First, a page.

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OUP titles win the Samuel Pepys and Cundill Prizes

OUP titles win the Samuel Pepys and Cundill Prizes

18 November 2015

Two OUP titles have won significant academic prizes in history this month.

OUP author—and recently retired Delegate for History—Professor Paul Slack, won the widely respected Samuel Pepys Award for The Invention of Improvement: Information and Material Progress in Seventeenth-Century England in early November.

The Samuel Pepys Award is a biennial prize awarded to the book that makes the greatest contribution to our understanding of Samuel Pepys, his time, or his contemporaries. Professor Slack’s text examines how the seventeenth century saw the culture of improvement develop as the English began to apply themselves, for the first time, to developing the most effective way of changing things for the better. Julian Amey, chair of the 2015 judges, described the text as a ‘mature work of scholarship’ which ‘raises fundamental issues of economic policy which are still relevant today’.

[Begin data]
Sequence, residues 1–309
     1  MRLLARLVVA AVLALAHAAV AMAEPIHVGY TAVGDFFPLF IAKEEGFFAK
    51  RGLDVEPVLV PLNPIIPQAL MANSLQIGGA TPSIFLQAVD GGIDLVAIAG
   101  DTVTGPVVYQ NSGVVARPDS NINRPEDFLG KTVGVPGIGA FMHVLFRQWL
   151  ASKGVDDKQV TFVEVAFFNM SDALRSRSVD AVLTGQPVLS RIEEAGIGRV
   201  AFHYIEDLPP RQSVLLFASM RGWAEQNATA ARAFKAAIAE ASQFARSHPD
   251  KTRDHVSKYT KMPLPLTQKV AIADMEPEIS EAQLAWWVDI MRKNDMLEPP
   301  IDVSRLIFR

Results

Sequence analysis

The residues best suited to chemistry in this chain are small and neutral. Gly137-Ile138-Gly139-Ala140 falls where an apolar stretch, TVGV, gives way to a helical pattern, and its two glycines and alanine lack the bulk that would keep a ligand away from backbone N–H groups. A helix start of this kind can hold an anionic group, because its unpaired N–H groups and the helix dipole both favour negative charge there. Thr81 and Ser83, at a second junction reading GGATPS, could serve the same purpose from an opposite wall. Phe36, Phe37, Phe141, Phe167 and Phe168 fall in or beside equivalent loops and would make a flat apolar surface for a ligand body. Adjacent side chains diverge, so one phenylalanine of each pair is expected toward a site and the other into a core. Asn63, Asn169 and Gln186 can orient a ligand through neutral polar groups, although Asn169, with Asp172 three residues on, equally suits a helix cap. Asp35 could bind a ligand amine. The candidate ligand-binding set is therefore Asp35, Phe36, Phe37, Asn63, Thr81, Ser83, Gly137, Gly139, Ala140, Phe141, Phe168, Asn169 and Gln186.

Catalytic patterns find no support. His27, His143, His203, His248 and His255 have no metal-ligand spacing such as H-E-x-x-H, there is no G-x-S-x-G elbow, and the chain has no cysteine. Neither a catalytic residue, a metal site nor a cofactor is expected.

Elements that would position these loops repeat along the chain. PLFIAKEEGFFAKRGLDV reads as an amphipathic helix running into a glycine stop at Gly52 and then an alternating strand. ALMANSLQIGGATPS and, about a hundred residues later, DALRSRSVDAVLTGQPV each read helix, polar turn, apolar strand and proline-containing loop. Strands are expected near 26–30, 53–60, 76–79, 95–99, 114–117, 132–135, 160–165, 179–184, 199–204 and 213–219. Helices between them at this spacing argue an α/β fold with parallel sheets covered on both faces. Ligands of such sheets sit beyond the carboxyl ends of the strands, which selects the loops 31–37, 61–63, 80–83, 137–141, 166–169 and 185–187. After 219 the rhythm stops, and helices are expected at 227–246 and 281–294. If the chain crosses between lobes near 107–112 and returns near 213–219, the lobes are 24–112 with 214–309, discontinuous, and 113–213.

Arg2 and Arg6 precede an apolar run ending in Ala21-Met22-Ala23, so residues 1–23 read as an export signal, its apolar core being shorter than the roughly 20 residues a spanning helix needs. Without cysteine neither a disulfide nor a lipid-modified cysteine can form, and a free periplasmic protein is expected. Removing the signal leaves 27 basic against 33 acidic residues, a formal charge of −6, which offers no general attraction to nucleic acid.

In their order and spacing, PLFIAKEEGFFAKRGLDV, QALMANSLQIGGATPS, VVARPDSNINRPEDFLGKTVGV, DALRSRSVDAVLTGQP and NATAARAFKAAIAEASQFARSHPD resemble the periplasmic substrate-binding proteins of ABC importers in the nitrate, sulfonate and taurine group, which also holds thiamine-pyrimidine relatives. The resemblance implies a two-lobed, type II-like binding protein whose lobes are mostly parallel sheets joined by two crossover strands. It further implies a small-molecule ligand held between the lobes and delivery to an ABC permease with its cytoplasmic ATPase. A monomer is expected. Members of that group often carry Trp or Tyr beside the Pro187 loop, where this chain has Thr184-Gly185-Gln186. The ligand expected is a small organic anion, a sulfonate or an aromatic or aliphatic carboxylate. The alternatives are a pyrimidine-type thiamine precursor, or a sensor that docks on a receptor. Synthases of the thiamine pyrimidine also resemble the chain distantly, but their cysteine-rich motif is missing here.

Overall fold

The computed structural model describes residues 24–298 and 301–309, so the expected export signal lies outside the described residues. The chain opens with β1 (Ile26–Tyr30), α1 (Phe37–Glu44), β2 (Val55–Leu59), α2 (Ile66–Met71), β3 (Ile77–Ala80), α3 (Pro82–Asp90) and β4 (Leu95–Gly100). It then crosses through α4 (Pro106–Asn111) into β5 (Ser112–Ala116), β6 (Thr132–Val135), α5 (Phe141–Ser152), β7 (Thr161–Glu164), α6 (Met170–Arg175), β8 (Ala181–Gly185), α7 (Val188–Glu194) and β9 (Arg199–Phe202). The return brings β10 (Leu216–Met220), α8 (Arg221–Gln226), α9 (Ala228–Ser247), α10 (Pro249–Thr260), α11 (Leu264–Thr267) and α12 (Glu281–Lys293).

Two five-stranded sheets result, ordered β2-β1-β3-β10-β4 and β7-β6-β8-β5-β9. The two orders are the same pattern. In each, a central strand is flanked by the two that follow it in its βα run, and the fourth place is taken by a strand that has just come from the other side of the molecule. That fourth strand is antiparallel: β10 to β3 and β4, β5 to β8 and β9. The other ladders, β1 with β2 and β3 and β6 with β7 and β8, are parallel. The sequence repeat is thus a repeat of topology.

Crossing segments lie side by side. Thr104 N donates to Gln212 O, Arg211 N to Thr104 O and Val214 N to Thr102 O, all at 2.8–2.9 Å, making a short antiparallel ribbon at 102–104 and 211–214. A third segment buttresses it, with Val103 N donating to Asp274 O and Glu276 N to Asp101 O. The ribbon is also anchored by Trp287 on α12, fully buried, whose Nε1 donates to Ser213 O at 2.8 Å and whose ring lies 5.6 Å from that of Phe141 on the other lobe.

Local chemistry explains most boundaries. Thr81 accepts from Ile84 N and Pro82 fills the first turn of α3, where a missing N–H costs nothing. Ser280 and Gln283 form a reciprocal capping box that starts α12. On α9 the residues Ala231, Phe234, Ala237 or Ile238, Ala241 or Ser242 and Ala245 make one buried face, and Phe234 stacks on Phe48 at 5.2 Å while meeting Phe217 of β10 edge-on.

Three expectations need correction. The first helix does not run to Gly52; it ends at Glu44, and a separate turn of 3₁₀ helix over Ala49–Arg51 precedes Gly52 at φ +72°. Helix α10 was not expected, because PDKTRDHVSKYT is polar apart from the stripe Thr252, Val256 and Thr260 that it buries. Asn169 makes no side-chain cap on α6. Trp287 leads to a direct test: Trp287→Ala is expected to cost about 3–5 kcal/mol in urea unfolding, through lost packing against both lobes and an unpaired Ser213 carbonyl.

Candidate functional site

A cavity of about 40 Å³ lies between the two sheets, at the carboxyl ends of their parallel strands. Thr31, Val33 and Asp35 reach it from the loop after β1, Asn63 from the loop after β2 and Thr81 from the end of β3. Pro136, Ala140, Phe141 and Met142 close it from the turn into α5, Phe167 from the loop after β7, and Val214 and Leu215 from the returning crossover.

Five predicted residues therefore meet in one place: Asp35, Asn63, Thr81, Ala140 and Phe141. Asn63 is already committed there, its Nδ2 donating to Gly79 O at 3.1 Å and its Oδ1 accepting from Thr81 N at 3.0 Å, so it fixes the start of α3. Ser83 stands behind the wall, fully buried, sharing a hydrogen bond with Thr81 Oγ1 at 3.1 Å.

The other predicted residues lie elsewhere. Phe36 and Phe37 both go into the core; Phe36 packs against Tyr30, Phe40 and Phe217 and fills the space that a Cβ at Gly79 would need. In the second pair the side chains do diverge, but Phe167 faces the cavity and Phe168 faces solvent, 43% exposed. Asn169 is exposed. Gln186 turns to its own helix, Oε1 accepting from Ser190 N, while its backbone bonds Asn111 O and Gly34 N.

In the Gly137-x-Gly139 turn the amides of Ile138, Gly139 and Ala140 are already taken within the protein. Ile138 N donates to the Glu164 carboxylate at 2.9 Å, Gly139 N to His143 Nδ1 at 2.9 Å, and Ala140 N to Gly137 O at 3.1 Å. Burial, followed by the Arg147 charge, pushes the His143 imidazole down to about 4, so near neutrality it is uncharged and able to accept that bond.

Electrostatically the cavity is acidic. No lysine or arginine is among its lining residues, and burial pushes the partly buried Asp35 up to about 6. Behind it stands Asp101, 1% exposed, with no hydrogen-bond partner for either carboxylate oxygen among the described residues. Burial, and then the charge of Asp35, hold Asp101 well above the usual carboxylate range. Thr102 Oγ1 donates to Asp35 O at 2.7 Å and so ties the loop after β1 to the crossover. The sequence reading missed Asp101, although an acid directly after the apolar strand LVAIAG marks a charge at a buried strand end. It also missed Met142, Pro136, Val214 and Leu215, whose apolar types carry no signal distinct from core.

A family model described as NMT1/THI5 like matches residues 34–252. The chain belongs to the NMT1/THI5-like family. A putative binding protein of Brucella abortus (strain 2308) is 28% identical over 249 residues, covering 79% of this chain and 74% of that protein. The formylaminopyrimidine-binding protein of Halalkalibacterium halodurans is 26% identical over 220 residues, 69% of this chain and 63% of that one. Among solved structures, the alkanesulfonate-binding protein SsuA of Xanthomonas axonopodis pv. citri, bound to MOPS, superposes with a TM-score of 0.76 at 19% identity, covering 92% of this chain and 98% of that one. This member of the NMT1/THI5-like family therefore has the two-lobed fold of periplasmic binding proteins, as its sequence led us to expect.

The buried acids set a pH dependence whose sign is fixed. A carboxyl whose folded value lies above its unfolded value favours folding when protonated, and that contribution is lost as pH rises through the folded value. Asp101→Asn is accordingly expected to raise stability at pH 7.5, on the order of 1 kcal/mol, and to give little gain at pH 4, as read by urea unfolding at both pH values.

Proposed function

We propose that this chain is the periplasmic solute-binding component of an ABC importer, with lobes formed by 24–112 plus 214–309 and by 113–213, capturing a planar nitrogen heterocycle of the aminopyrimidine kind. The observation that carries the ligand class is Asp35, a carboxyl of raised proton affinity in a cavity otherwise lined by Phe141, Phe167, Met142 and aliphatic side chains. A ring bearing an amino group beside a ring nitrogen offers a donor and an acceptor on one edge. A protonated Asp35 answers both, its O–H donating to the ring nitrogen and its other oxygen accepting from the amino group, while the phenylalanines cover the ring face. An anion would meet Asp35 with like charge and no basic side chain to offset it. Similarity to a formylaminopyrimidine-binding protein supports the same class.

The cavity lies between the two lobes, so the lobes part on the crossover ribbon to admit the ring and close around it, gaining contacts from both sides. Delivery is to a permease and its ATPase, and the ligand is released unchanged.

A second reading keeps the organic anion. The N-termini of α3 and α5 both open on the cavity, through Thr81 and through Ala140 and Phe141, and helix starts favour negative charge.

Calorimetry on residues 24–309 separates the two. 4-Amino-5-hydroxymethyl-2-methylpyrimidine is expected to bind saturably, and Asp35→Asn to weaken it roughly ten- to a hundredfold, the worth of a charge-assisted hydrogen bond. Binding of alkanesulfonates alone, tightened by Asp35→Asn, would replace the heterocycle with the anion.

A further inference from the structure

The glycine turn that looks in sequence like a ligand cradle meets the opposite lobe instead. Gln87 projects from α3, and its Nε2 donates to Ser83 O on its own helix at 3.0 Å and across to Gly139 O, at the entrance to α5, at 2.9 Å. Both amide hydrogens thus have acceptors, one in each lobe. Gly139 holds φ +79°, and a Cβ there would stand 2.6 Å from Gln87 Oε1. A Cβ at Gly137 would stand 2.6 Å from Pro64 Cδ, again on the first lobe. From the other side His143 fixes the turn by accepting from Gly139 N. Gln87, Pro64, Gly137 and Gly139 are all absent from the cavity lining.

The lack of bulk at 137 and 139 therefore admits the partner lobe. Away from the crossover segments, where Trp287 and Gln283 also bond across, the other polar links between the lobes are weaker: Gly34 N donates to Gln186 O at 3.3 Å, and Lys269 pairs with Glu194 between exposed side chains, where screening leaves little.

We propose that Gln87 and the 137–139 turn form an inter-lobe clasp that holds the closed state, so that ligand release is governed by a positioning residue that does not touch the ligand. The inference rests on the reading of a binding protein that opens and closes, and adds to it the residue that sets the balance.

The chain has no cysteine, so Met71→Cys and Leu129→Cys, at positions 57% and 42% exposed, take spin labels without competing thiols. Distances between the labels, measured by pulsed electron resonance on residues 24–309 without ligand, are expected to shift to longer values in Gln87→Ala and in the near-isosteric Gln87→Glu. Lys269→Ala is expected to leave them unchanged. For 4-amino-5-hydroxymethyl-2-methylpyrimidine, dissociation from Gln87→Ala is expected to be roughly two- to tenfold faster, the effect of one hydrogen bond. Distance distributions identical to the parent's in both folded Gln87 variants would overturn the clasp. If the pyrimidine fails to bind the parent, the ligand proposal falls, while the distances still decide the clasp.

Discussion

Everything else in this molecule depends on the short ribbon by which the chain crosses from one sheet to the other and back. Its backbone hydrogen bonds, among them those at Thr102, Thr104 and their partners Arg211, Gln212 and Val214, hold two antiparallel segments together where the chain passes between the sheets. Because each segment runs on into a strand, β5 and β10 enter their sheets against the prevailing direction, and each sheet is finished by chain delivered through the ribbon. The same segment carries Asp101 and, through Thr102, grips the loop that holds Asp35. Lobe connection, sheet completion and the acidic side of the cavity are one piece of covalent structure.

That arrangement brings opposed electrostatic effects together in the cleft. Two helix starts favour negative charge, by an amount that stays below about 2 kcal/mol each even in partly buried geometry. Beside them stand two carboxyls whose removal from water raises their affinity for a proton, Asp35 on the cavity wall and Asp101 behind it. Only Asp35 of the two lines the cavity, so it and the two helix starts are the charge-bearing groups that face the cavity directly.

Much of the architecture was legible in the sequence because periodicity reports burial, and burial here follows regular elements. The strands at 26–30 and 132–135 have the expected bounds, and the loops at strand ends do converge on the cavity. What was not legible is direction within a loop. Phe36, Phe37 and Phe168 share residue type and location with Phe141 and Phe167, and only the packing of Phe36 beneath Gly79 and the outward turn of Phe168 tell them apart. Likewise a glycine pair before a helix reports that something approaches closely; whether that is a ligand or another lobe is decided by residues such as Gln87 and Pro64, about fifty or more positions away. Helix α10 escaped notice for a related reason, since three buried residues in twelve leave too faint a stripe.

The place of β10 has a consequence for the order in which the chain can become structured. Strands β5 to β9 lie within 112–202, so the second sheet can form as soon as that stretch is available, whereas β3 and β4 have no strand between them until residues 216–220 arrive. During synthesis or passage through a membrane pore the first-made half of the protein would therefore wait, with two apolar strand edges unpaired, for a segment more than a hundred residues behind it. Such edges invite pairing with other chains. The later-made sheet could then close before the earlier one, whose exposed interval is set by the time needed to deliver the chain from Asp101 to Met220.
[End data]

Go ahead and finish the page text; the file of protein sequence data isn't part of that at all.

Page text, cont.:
In the same week, Canadian historian Susan Pedersen was named winner of the Cundill Prize for The Guardians: The League of Nations and the Crisis of Empire.

The Cundill Prize in Historical Literature is the most lucrative international award for a non-fiction book and is awarded annually to an individual who has published a book which leaves a profound literary, social, and academic impact in the field of history.

Pedersen’s book gives the first comprehensive study for more than 50 years of how the political conflicts between the imperial powers that made up the League of Nations ultimately contributed to undermining the empires they aimed to preserve. The judges described the text as ‘a riveting work of global history’ which ‘enables readers to see the League with new eyes’.

These prizes are testament to the depth and quality of OUP’s academic publishing in history.